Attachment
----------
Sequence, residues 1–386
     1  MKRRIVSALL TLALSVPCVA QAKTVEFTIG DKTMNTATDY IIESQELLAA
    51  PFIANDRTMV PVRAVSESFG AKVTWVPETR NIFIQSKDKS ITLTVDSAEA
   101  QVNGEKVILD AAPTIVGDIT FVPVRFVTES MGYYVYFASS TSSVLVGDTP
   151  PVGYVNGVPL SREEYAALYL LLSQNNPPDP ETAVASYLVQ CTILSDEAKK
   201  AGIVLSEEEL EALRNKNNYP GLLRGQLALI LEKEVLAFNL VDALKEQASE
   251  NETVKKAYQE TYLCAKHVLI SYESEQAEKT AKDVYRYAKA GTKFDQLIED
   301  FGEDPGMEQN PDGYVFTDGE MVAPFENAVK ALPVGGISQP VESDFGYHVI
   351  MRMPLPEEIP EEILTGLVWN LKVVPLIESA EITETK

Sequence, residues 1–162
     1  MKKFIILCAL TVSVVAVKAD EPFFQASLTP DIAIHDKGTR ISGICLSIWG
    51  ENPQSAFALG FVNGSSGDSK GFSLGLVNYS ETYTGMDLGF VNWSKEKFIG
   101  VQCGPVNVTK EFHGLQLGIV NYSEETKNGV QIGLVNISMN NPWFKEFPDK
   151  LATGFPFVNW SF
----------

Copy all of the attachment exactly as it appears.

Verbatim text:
Sequence, residues 1–386
     1  MKRRIVSALL TLALSVPCVA QAKTVEFTIG DKTMNTATDY IIESQELLAA
    51  PFIANDRTMV PVRAVSESFG AKVTWVPETR NIFIQSKDKS ITLTVDSAEA
   101  QVNGEKVILD AAPTIVGDIT FVPVRFVTES MGYYVYFASS TSSVLVGDTP
   151  PVGYVNGVPL SREEYAALYL LLSQNNPPDP ETAVASYLVQ CTILSDEAKK
   201  AGIVLSEEEL EALRNKNNYP GLLRGQLALI LEKEVLAFNL VDALKEQASE
   251  NETVKKAYQE TYLCAKHVLI SYESEQAEKT AKDVYRYAKA GTKFDQLIED
   301  FGEDPGMEQN PDGYVFTDGE MVAPFENAVK ALPVGGISQP VESDFGYHVI
   351  MRMPLPEEIP EEILTGLVWN LKVVPLIESA EITETK

Sequence, residues 1–162
     1  MKKFIILCAL TVSVVAVKAD EPFFQASLTP DIAIHDKGTR ISGICLSIWG
    51  ENPQSAFALG FVNGSSGDSK GFSLGLVNYS ETYTGMDLGF VNWSKEKFIG
   101  VQCGPVNVTK EFHGLQLGIV NYSEETKNGV QIGLVNISMN NPWFKEFPDK
   151  LATGFPFVNW SF